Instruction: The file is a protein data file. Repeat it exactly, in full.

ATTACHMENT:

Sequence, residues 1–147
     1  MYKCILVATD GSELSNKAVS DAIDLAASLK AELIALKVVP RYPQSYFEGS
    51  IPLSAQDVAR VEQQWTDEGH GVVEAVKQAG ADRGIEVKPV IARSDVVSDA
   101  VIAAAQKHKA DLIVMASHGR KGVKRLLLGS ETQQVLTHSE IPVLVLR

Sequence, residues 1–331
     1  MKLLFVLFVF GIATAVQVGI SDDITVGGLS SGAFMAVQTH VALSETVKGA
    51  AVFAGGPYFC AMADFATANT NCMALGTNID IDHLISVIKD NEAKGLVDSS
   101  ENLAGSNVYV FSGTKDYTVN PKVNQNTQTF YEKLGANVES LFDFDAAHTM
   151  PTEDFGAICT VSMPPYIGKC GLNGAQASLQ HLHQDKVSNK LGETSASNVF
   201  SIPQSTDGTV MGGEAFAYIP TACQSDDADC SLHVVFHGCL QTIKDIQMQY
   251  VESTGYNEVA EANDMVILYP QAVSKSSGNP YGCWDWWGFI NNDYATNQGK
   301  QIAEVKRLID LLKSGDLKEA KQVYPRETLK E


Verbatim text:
Sequence, residues 1–147
     1  MYKCILVATD GSELSNKAVS DAIDLAASLK AELIALKVVP RYPQSYFEGS
    51  IPLSAQDVAR VEQQWTDEGH GVVEAVKQAG ADRGIEVKPV IARSDVVSDA
   101  VIAAAQKHKA DLIVMASHGR KGVKRLLLGS ETQQVLTHSE IPVLVLR

Sequence, residues 1–331
     1  MKLLFVLFVF GIATAVQVGI SDDITVGGLS SGAFMAVQTH VALSETVKGA
    51  AVFAGGPYFC AMADFATANT NCMALGTNID IDHLISVIKD NEAKGLVDSS
   101  ENLAGSNVYV FSGTKDYTVN PKVNQNTQTF YEKLGANVES LFDFDAAHTM
   151  PTEDFGAICT VSMPPYIGKC GLNGAQASLQ HLHQDKVSNK LGETSASNVF
   201  SIPQSTDGTV MGGEAFAYIP TACQSDDADC SLHVVFHGCL QTIKDIQMQY
   251  VESTGYNEVA EANDMVILYP QAVSKSSGNP YGCWDWWGFI NNDYATNQGK
   301  QIAEVKRLID LLKSGDLKEA KQVYPRETLK E